Your assignment is to write a 4-5-page analysis of one stylistic element used in the film(s) you are analyzing. Your analysis should show how a particular stylistic technique is organized into a pattern that contributes to the overall effect of the film(s). List your stylistic element as part of your title, e.g., “Tracking Shots in The Film Title.”
Isolate a significant stylistic element
Identify a pattern in the element’s use
Propose a function/effect of the pattern
Argue for your claim about the pattern’s effect
Isolate a stylistic element you think is noteworthy. Several viewings of the film will be required. To generate ideas, think about all of the devices we have studied thus far in the course:
staging, setting, color, lighting; rhythmic cutting, long takes, shot scale, camera angle, camera height, camera level, mobile framing/camera movement, onscreen and offscreen space, depth of field, lens length, speed of motion; editing transitions, editing conventions, and editing relations (the 180º line, shot/reverse-shot, match on action, eyeline match, point of view shot, graphic match, ellipsis, overlapping editing, crosscutting, etc.); sound (music, dialogue, sound effects, silence, non-diegetic vs. diegetic, onscreen vs. offscreen, external vs. internal, etc.).
If nothing immediately stands out, watch the film again and again each time focusing on just one of these elements.
NB! Do not write your paper on costume, props or make-up as these usually produce only very obvious observations about the film.
Identify a pattern in the use of this stylistic element across the film. This will require multiple viewings of the film. It will be made easier by a detailed segmentation. To be significant, the pattern has to have more than two instances. Make a list of all the instances and link this list to your segmentation. Note how the pattern you identify develops, intensifies, or gets interrupted as the film progresses, with significant ramifications for the film’s story or audience experience. Think about repetition and variation.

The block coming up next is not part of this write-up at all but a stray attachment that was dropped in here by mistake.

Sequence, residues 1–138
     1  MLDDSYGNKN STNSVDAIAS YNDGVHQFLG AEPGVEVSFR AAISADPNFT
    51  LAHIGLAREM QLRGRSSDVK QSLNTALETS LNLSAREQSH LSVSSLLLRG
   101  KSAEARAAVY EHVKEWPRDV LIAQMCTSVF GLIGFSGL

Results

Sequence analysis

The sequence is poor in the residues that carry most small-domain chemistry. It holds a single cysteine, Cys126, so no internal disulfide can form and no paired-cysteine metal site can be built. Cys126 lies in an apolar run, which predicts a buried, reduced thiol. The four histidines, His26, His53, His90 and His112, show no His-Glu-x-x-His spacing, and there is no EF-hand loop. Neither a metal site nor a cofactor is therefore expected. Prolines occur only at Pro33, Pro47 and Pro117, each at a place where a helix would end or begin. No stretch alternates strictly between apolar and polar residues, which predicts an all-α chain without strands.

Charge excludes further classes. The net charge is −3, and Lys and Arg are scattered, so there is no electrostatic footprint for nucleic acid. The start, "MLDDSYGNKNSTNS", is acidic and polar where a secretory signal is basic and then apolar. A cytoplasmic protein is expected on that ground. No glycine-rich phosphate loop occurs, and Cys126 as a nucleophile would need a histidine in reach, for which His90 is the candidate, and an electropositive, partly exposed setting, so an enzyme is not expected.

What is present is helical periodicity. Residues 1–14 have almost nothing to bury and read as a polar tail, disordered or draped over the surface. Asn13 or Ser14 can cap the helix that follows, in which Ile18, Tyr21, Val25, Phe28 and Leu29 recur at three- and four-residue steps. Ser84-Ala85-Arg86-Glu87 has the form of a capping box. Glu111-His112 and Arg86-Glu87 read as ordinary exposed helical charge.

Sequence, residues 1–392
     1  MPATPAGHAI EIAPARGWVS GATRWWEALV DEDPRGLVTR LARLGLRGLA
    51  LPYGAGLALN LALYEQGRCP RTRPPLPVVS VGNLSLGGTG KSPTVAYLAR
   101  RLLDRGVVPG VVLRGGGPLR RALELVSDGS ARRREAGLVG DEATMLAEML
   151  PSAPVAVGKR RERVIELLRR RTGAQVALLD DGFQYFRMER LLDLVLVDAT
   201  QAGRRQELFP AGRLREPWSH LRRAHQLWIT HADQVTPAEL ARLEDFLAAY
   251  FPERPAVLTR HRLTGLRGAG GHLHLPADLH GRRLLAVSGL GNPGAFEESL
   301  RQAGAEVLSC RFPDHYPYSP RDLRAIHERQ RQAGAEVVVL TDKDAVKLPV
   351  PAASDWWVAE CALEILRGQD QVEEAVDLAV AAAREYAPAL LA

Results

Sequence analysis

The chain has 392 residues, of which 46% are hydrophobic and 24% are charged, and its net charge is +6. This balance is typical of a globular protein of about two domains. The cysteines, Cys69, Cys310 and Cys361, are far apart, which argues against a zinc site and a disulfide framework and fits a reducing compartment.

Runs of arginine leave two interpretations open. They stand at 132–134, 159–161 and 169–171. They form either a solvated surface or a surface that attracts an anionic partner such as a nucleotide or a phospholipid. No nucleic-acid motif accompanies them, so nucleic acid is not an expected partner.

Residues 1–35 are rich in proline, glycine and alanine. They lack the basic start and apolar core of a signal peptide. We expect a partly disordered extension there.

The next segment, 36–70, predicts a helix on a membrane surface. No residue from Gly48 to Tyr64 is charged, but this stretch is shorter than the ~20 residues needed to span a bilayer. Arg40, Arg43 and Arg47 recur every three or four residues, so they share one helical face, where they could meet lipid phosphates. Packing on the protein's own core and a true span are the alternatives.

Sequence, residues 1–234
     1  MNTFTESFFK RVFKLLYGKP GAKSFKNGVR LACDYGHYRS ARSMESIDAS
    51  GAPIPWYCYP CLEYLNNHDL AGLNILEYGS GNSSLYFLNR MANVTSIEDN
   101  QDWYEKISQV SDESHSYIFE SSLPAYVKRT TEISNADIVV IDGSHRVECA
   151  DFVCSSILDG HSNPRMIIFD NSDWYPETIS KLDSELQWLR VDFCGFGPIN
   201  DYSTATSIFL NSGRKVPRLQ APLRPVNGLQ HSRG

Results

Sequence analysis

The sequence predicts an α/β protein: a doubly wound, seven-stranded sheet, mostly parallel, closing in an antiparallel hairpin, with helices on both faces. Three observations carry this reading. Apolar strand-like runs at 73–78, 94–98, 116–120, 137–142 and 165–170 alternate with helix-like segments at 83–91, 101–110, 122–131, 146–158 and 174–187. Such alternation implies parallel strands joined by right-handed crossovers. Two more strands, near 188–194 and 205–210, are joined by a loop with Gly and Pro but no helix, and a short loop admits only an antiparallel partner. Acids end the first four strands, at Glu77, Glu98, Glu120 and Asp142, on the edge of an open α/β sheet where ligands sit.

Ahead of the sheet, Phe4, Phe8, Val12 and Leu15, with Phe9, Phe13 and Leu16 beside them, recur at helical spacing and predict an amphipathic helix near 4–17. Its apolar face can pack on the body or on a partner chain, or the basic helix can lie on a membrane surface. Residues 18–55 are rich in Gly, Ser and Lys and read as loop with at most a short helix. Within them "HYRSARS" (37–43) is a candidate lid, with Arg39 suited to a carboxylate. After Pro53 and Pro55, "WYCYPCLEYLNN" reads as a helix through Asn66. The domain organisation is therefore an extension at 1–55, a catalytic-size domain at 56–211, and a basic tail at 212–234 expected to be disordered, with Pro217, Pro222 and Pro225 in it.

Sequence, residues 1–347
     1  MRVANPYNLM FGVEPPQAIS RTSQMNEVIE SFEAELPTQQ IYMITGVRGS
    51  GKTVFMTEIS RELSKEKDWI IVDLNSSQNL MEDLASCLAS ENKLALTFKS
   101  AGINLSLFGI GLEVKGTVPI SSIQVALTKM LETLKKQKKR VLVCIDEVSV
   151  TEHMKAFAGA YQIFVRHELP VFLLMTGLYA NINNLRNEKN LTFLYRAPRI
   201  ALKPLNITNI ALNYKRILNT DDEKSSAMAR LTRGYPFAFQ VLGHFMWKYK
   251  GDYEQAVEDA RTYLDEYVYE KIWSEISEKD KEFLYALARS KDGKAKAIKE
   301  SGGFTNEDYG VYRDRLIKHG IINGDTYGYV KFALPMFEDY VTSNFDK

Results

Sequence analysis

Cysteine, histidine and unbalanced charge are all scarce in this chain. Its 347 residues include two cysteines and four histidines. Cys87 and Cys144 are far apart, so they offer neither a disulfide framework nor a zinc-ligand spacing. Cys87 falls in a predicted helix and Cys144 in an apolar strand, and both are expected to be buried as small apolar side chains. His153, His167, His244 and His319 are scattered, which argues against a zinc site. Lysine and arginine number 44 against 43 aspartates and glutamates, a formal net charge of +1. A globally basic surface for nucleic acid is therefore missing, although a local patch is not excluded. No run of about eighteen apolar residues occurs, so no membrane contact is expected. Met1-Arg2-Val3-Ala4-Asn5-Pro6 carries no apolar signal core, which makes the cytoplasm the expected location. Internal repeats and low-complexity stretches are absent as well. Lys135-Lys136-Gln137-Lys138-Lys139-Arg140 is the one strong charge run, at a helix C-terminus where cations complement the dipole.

Then propose a function/an effect for the stylistic pattern you have isolated. How does the stylistic pattern guide you through the film as you watch? What work is it doing in the film moment by moment? Some possibilities:
Does it serve to emphasize or dramatize something that is not immediately obvious? Does it manipulate our thoughts and feelings? Does it create suspense or surprise? Does it support some line in the overall story development? Does it build the character? Does it create a certain world? Does it help to set mood or tone? Does it provide visual pleasure?
Remember that the stylistic element you have identified may serve multiple functions, and that the one function you propose has to be consistent throughout: if the function of the element changes partway through your pattern, something is wrong with your argument.
The argument of your paper should use evidence from the film and precise and causal claims about this evidence in order to convincingly show that the element you have identified is patterned and plays a role in the telling of the film’s story and/or in how we engage with it.
NOTE: Your goal is not to “solve” the film, or explain the ultimate meaning of the film. Your goal is to examine the work being done by the pattern that governs your chosen element of style. Consider this passage from Film Art:
Meaning is only one type of effect, and there is no reason to expect that every stylistic feature will yield thematic significance. One part of a director’s job is to direct our attention, and so style will often function simply perceptually – to get us to notice things: to emphasize one thing over another; to clarify, intensify, or complicate our understanding of the action. (p. 310)
Before you begin, it may be helpful to take a moment and read Film Art pages 307-310, “Analyzing Style.”
HOW TO WORK:
1) Segment the film (break it down into scenes).
2) Write down every instance when your element occurs in correspondence with your segments. This is your pattern.
3) See if there is any development or progression among these instances. (There should be!) This is how your pattern is structured.
4) Think about why this element appears in these instances but not in others. How does this element guide you through this story moment by moment? This is your function.